This question has been asked before and already has an answer. If those answers do not fully address your question, please ask a new question.

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    Related, possible dupe: “Why didn’t Harry use the mirror?” scifi.stackexchange.com/q/82839/3567 (fixed link) – alexwlchan Dec 31 '15 at 13:19
  • @alexwlchan That's only part of my question. Moreover there are still pieces that aren't satisfying. For example I don't buy that Harry didn't have a clue at what the mirror was given that I read that book when I was his age and I immediately understood what it was just from the hint by Sirius. I don't think I'm and incredible genius either... Moreover as I edited he's not the only one forgetting about it, and even when he remembers and find out exactly how it works not even a thought goes to what he caused. – Bakuriu Dec 31 '15 at 14:11
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    Because he's a schmuck – Valorum Dec 31 '15 at 14:12
  • @Richard - flagging to convert to an asnwer :). Bakuriu, unfortunately, "the existing answers don't leave me satisfied with existing answer" does not count towards a reason for the second question to not be a duplicate according to site's "duplicate" rules - if you wish to ensure this isn't closed as a dupe, please spell out EXACTLY in what way this question differs from the alleged dupe in the question itself (like, which parts aren't dupe) – DVK-on-Ahch-To Dec 31 '15 at 14:40
  • @DVK the other question is only about the usage of the mirror, but I'm asking about how that fact fits the psychology of the character and whether we can take this as a hole in the depiction of the character and plot. Tomorrow I'll have some time to edit to highlight what I mean if necessary. – Bakuriu Dec 31 '15 at 14:42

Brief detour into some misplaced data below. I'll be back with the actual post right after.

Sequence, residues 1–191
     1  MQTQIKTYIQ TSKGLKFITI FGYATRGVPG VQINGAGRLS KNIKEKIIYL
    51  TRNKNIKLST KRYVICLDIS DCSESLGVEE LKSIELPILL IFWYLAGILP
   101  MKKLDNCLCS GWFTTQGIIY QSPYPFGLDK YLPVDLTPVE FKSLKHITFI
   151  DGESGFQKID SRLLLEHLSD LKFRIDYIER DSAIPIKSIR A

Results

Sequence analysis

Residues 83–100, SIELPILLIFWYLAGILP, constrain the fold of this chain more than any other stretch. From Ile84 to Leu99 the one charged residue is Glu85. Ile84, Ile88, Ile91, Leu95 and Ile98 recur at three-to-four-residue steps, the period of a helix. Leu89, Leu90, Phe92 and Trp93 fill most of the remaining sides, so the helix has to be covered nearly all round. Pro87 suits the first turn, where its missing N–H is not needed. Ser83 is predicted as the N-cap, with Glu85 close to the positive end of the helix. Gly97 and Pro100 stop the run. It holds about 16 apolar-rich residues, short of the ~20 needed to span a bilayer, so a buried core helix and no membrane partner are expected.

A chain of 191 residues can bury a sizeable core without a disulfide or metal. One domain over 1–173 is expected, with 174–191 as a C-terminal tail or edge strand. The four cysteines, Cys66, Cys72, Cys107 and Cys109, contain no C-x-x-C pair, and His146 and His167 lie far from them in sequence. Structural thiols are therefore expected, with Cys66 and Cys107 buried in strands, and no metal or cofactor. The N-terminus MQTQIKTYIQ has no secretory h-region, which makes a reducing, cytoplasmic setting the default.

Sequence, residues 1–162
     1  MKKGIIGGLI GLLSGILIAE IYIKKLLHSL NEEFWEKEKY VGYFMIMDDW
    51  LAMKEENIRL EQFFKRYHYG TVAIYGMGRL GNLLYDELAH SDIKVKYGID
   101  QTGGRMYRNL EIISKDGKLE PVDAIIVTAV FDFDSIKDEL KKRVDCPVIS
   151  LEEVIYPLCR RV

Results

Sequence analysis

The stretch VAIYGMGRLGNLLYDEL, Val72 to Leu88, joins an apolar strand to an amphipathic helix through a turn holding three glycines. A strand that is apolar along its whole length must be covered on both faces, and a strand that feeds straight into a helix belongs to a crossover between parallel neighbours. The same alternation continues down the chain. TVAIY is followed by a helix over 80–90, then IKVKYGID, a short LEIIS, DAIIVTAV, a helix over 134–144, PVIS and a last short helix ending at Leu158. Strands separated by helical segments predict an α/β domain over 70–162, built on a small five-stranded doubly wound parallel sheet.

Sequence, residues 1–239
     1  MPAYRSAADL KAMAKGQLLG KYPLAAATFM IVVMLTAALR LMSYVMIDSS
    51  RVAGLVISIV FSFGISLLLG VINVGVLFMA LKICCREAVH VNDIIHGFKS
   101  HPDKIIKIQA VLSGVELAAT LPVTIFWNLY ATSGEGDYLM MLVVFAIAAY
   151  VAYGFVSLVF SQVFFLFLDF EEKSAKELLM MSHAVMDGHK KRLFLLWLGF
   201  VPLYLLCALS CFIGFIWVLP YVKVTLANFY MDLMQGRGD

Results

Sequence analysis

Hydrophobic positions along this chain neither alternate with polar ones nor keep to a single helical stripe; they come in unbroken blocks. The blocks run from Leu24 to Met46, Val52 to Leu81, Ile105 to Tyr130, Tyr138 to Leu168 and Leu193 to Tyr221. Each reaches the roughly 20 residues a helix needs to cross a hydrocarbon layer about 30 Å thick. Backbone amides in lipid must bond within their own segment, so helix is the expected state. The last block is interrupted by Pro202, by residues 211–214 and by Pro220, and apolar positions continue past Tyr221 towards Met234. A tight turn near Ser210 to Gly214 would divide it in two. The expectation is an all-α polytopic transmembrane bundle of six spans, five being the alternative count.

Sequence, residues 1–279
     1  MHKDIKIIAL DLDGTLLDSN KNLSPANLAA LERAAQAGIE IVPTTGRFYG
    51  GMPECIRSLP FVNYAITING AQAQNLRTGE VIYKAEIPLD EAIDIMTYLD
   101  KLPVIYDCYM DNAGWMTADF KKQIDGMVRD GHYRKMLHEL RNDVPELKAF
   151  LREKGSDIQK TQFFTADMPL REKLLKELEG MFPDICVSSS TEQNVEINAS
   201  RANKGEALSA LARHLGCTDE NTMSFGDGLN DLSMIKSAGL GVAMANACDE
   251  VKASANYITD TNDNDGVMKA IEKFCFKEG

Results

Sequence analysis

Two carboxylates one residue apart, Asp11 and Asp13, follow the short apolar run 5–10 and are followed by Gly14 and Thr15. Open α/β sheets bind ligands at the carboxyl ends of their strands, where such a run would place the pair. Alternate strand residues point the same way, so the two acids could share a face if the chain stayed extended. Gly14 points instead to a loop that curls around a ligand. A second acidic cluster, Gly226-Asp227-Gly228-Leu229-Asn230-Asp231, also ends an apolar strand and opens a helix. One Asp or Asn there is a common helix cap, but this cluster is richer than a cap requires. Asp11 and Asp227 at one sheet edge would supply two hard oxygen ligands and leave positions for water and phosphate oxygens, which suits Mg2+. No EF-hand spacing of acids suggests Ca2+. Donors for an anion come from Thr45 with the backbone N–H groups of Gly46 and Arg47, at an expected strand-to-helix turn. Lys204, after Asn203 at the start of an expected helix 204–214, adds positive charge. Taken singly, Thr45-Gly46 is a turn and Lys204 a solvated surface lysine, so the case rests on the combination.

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To answer your points in order:

  1. The text explicitly notes that Harry suspects that the form of communication is going to cause trouble, based on what he knows about Sirius, so he sets it aside for an emergency only. Given the other things Sirius has done in the past, the "form of communication" might have been putting a Dark Mark-type spell into the air that has a looping image of him saying, "Help me, Sirius. You're my only hope."
  2. He's a teenager. Forgetting things happens. Plus, he might have still been thinking that the form of communication would cause more trouble than it would solve.
  3. Harry's first reaction is hope (maybe I can still communicate with Sirius), then anger (Harry's prone to breaking things in a tantrum, not unusual for a developing boy struggling with testosterone), then disappointment (it "burned in his throat") followed by more hope (trying to get Nick to help him find Sirius's ghost). He then gets very depressed, "He walked slowly and miserably back up through the empty castle, wondering whether he would ever feel cheerful again", and is then distracted by helping Luna. He may have had many long and dark tea-times of the soul grappling with the choices he made, but he's a child soldier in a magical war, so he has to keep forging on.

In short, he's a kid who's going through a lot. Forgetting a present, and rapidly running through the emotional spectrum without learning beating himself to death over his choices is just normal.